For the first time ever, Facebook uses Safety Check in the US
Facebook deployed its Safety Check feature for the first time ever in the US after the Orlando shooting on Sunday.
After the deadliest mass shooting in American history, Facebook initiated its Safety Check feature for the first time in the United States.
“Waking up this morning, I was deeply saddened to hear about the shooting in Orlando,” Facebook founder Mark Zuckerberg wrote on his own profile Sunday morning. “My thoughts and prayers are with the victims, their families and the LGBT community.”
The Safety Check application comes after about 50 people were killed, and another 50 wounded, when a gunman attacked Pulse nightclub in Orlando early Sunday morning.
The Facebook feature likely reassured some loved ones of those near the shooting, but for others, the anguish continues. Families and friends waited for hours Sunday at Orlando Regional Medical Center Sunday to hear the fate of their relatives. As of Monday morning, only 33 victims have been officially identified.
Facebook first began working on the original prototype of Safety Check – then named Disaster Message Board – in March of 2011, after a 9.0 magnitude earthquake off the coast of Japan triggered a tsunami that killed almost 16,000.
The company later launched the official version of Safety Check in late 2014. Within a year, it was activated for Typhoon Ruby in the Philippines, Tropical Cyclone Pam in the South Pacific, and a series of earthquakes in Afghanistan, Chile, and Nepal. In November 2015, Safety Check was offered after the terrorist attacks in Paris – the first time the feature was used for a manmade disaster.
Regardless of the reason for deployment, the Safety Check tool allows people to quickly and easily tell loved ones they are safe, as The Monitor's Jeff Ward-Bailey explains:
The Safety Check feature is pretty simple: when a user launches the Facebook app, it uses location services such as GPS and Wi-Fi to determine the user’s location. If the person is in an area that has recently been struck by a natural or human-caused disaster, Facebook offers a big green “I’m safe” button that, when pressed, automatically sends out an update to their social network. Safety Check also tallies how many friends are in the affected area, and how many have checked-in as safe so far. (There’s also a smaller button reading “I’m not in the area,” for those times when Facebook doesn’t get the user’s location quite right.)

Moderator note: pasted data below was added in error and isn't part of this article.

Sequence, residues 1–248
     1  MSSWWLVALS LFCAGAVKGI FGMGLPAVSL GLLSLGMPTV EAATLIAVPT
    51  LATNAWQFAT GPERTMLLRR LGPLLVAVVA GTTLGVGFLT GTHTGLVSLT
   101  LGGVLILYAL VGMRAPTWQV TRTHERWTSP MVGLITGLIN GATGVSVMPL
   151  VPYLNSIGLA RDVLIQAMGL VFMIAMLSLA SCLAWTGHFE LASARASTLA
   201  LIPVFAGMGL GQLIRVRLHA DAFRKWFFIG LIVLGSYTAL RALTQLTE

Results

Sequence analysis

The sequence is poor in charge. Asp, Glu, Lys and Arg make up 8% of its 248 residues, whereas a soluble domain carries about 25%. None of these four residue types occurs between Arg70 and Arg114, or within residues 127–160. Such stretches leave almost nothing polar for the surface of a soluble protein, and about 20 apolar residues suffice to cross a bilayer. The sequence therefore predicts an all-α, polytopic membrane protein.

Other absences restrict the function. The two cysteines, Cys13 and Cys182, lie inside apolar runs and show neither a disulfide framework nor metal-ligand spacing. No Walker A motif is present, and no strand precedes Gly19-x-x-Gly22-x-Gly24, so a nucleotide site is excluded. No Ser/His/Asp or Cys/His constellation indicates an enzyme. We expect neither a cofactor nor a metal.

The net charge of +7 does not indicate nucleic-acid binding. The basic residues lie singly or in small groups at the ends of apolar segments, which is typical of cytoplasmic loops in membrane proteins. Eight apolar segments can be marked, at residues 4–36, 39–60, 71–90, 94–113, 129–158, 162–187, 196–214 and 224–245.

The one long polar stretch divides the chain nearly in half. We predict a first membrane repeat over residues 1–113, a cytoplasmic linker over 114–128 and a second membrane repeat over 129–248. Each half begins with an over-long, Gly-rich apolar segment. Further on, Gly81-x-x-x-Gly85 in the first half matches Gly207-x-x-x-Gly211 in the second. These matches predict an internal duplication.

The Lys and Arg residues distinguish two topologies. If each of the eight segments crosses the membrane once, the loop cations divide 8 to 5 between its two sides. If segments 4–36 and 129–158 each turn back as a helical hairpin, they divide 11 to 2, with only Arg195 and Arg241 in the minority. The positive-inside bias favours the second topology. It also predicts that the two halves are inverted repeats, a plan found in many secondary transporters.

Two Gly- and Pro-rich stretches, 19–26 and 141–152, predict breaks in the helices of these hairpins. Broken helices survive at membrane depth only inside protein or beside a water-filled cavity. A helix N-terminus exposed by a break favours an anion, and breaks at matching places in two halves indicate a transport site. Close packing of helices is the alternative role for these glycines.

But since its deployment during the Paris attacks, critics have called Safety Check an example of Western media’s double standard. The day before the Paris attacks, a double suicide bombing in Beirut killed 37 and wounded 200 more, but no such Safety Check was enlisted.
“Many people have rightfully asked why we turned on Safety Check for Paris but not for bombings in Beirut and other places,” Facebook CEO Mark Zuckerberg posted on his official page directly after the Paris attacks. “Until yesterday, our policy was only to activate Safety Check for natural disasters. We just changed this and now plan to activate Safety Check for more human disasters going forward as well.”
Less than a week later, Facebook activated Safety Check after twin suicide bombings in Yola, Nigeria killed 32 people.
Since November, Safety Check has been issued for the South Indian floods in December, terrorist attacks in Ankara, Turkey in February, and three times in March, for terror attacks in Brussels, Ankara, and Lahore.